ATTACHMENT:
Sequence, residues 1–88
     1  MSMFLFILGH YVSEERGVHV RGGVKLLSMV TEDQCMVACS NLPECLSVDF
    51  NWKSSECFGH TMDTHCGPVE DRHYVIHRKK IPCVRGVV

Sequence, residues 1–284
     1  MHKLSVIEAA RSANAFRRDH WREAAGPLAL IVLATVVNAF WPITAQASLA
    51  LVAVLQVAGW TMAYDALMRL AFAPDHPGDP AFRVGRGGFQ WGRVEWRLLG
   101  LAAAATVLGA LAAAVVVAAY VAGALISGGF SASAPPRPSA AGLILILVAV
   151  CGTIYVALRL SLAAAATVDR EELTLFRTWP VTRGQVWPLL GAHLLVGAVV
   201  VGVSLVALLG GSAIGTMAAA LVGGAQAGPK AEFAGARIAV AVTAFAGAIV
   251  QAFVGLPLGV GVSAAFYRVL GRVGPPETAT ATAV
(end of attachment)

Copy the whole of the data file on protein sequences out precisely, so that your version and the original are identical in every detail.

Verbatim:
Sequence, residues 1–88
     1  MSMFLFILGH YVSEERGVHV RGGVKLLSMV TEDQCMVACS NLPECLSVDF
    51  NWKSSECFGH TMDTHCGPVE DRHYVIHRKK IPCVRGVV

Sequence, residues 1–284
     1  MHKLSVIEAA RSANAFRRDH WREAAGPLAL IVLATVVNAF WPITAQASLA
    51  LVAVLQVAGW TMAYDALMRL AFAPDHPGDP AFRVGRGGFQ WGRVEWRLLG
   101  LAAAATVLGA LAAAVVVAAY VAGALISGGF SASAPPRPSA AGLILILVAV
   151  CGTIYVALRL SLAAAATVDR EELTLFRTWP VTRGQVWPLL GAHLLVGAVV
   201  VGVSLVALLG GSAIGTMAAA LVGGAQAGPK AEFAGARIAV AVTAFAGAIV
   251  QAFVGLPLGV GVSAAFYRVL GRVGPPETAT ATAV